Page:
It’s 4:40 on a Sunday afternoon and my six-year-old son has developed a slight fever and is lethargic. We live 15 minutes away from a children’s urgent care clinic, which closes in 20 minutes.
Do his symptoms warrant a trip to urgent care? Do I bother calling his pediatrician or am I being overly cautious?
Every parent faces these kinds of questions. Three local pediatricians all say that parents can and should trust their instincts.
“First and foremost, parents know the child best,” said Cecille G. Sulman, M.D., chief physician of pediatric otolaryngology of the Department of Otolaryngology and Communication Sciences of the Medical College of Wisconsin.
“Parents have very good instincts and if they are concerned, we want them to call,” said Sharyl Paley, M.D., a Fellow of the American Academy of Pediatrics who works at Bayshore Pediatrics, an affiliate of Children’s Hospital of Wisconsin.
“The bottom line, if your parent judgment tells you that you’re worried and your child isn’t acting themselves, call,” said Lisa Zetley, M.D., assistant professor of pediatrics at the Medical College of Wisconsin and a pediatrician at Children’s Hospital of Wisconsin.
“We like to help, talk, and reassure when we can,” Zetley continued. “The doctor would much rather have you call than have you stay awake all night worrying about your child. That’s what doctors who take care of kids are there for.”
Paley, Sulman and Zetley spoke of a very common concern, fever. Zetley said that most physicians consider a true fever to be 100.4 degrees or higher. She added that all parents should have a thermometer to take a temperature.
According to Paley, “It is not the fever that I am most concerned about, but rather what is the underlying cause. The fever is a symptom that tells us to look for something else.”
“I am much less worried about a child with a 104 fever that is drinking well and playing at times then the one that is 101 and lying on mom’s lap listless like a wet noodle,” Paley continued. “One important case when I absolutely want a call for a fever is in an infant under two months with a fever greater or equal to 100.5 [rectal temperature].”
All three doctors stated that a doctor must be notified if a child with a fever presents the following symptoms: sore neck, sore throat, vomiting, diarrhea, refusing to drink or eat, lethargy, problems swallowing or breathing.
Zetley also made it clear that, “If a child has a fever and an underlying illness that puts them at a higher risk for problems, and [if] they have a fever, they should call their doctor and not wait it out.”
Sulman said, “The younger they are, particularly six weeks old or younger, and the higher the fever, the more urgent it is to go to the emergency room because the immune system is immature and the baby has not had all her immunizations yet.”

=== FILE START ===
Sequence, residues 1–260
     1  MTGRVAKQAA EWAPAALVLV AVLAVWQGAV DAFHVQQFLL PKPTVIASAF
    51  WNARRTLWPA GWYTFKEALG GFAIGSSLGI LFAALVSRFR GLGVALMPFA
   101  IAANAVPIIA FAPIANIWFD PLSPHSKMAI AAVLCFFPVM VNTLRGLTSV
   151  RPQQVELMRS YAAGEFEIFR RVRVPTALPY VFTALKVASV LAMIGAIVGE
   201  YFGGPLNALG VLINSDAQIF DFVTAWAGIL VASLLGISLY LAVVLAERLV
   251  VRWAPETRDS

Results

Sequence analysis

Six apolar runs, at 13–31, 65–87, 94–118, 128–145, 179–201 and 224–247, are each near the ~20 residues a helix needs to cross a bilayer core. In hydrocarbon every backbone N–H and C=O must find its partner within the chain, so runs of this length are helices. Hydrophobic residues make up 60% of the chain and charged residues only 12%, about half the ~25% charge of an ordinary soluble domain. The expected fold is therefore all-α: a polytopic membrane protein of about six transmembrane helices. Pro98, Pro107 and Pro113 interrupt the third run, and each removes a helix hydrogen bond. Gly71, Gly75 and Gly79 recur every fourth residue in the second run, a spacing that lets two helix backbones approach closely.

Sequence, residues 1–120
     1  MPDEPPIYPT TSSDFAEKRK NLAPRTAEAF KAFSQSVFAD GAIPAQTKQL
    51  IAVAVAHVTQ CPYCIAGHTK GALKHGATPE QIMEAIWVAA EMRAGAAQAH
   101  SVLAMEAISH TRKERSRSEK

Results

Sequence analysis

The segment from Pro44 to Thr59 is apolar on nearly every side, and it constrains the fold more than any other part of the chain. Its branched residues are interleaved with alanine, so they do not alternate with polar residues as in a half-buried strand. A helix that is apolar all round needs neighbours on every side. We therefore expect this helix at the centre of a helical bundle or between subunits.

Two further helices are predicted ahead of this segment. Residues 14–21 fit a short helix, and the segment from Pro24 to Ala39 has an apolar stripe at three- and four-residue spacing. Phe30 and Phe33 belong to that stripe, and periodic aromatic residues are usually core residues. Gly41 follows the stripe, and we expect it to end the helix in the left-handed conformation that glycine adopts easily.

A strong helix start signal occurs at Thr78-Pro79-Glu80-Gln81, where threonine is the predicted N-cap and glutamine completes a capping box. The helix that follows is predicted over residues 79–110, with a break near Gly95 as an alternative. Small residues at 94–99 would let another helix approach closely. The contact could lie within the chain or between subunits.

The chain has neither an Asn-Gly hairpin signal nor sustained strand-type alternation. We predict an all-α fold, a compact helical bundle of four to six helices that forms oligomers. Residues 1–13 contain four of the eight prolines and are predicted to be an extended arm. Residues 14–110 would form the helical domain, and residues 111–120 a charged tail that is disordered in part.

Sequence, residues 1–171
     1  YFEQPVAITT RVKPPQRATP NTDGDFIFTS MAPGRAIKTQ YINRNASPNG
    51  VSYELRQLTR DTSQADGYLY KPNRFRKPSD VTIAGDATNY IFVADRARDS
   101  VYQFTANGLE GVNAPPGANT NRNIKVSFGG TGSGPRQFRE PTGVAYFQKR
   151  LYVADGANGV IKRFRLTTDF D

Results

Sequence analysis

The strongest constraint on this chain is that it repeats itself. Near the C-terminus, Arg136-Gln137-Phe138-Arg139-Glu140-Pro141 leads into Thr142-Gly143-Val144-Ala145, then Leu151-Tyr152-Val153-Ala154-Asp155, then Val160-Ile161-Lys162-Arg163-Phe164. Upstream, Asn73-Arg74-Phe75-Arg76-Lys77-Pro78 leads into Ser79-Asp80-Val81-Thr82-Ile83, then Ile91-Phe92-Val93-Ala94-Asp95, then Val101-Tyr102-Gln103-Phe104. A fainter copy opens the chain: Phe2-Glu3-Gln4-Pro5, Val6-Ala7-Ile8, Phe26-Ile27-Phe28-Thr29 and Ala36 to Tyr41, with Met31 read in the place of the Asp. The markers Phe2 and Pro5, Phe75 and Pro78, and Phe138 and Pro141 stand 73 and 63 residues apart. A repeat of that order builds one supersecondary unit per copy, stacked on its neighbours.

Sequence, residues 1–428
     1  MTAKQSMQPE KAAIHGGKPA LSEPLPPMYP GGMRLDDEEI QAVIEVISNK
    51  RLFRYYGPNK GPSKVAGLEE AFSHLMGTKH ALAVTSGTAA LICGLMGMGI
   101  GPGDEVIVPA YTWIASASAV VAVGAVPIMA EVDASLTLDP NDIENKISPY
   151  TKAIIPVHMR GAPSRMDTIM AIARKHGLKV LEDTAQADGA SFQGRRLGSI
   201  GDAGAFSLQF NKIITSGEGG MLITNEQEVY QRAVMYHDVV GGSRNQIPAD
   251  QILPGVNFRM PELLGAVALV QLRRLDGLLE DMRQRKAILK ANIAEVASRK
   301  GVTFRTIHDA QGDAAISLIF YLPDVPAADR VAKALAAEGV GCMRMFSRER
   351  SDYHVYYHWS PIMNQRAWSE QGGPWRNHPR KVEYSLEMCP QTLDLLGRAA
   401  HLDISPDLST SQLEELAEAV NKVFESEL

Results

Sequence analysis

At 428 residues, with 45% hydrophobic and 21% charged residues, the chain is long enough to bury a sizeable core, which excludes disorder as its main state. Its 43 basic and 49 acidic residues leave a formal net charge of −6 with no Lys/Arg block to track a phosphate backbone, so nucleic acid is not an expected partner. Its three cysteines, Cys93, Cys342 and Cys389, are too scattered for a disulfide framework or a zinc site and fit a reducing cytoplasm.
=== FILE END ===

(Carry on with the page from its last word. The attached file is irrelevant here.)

Zetley confirmed this. “They tend to have a less robust immune system. It’s harder for them to fight off infections and it’s harder for parents to be able to recognize other signs of illness because they’re so young,” she said.
Sometimes associated with a high fever is an ear infection. Sulman said, “Symptoms of a complicated ear infection that would warrant an emergency room visit include sudden drainage from the ear, which can mean a ruptured ear drum, severe ear pain, if there’s redness and swelling behind the ear, or the ear is sticking out.”
However, in less serious cases, Sulman said, “You don’t necessarily have to treat an acute ear infection. They may not even need an antibiotic; I’d leave it to the discretion of the pediatrician who will guide you. My oldest son had an ear infection and he was not having symptoms, so I called my child’s pediatrician and just observed him and everything turned out just fine.”
In addition, a trip to the emergency room and a call to the doctor is warranted for other infectious conditions, what Sulman said is a “rapid development of symptoms in a short period of time, such as over the course of a day, like neck swelling and fever, difficulty turning the head, that may be associated with drooling and difficulty swallowing, may be worrisome for a neck abscess/pus collection in the neck or throat.”
Paley concurs. “Another time I want to know is if your child was sick and then seemed better but starts acting sick again or fever returns,” said Paley.
There are also important preventative measures. Zetley said, “Never give aspirin or medicines with aspirin to children of the risk of Reye’s syndrome, and ibuprofen is only safe for kids six months and older.”
Another preventative measure Sulman noted was to be conscious of foreign bodies, harmful objects that can make their way into the body. For example, no child under four years of age should eat popcorn, gum or nuts, as they have not yet developed molars. “They may swallow or aspirate them,” said Sulman.
Another foreign object of much concern is a battery. If a child ingested, or is suspected of having a lodged battery, Sulman urged a trip to the emergency room immediately. A battery can erode within hours in the esophagus.
In addition, children under three years of age should not play with marbles, as it’s a serious choking hazard.
Zetley recommended a website, (not in lieu of calling a doctor), www.healthychildren.org, supported by The American Academy of Pediatrics. This website has a category called, “Symptom checker: Should you call the doctor? Find out here.”
Sulman also said that the American Academy of Pediatrics has helpful guidelines at www.aap.org.
Disclaimer: This article does not offer case-specific medical advice and is not intended to be a diagnosis. If you seek medical advice, contact your physician.
Joshua Becker (joshuabecker.info) is a Spanish teacher for Shorewood Public Schools and a freelance writer.